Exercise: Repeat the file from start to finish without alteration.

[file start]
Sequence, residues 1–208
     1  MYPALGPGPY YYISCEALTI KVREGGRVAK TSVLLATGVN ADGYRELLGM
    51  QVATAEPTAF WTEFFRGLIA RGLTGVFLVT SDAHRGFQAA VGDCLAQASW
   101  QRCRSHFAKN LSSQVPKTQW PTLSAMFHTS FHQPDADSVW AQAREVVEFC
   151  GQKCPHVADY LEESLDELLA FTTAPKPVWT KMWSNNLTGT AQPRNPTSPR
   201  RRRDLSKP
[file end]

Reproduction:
Sequence, residues 1–208
     1  MYPALGPGPY YYISCEALTI KVREGGRVAK TSVLLATGVN ADGYRELLGM
    51  QVATAEPTAF WTEFFRGLIA RGLTGVFLVT SDAHRGFQAA VGDCLAQASW
   101  QRCRSHFAKN LSSQVPKTQW PTLSAMFHTS FHQPDADSVW AQAREVVEFC
   151  GQKCPHVADY LEESLDELLA FTTAPKPVWT KMWSNNLTGT AQPRNPTSPR
   201  RRRDLSKP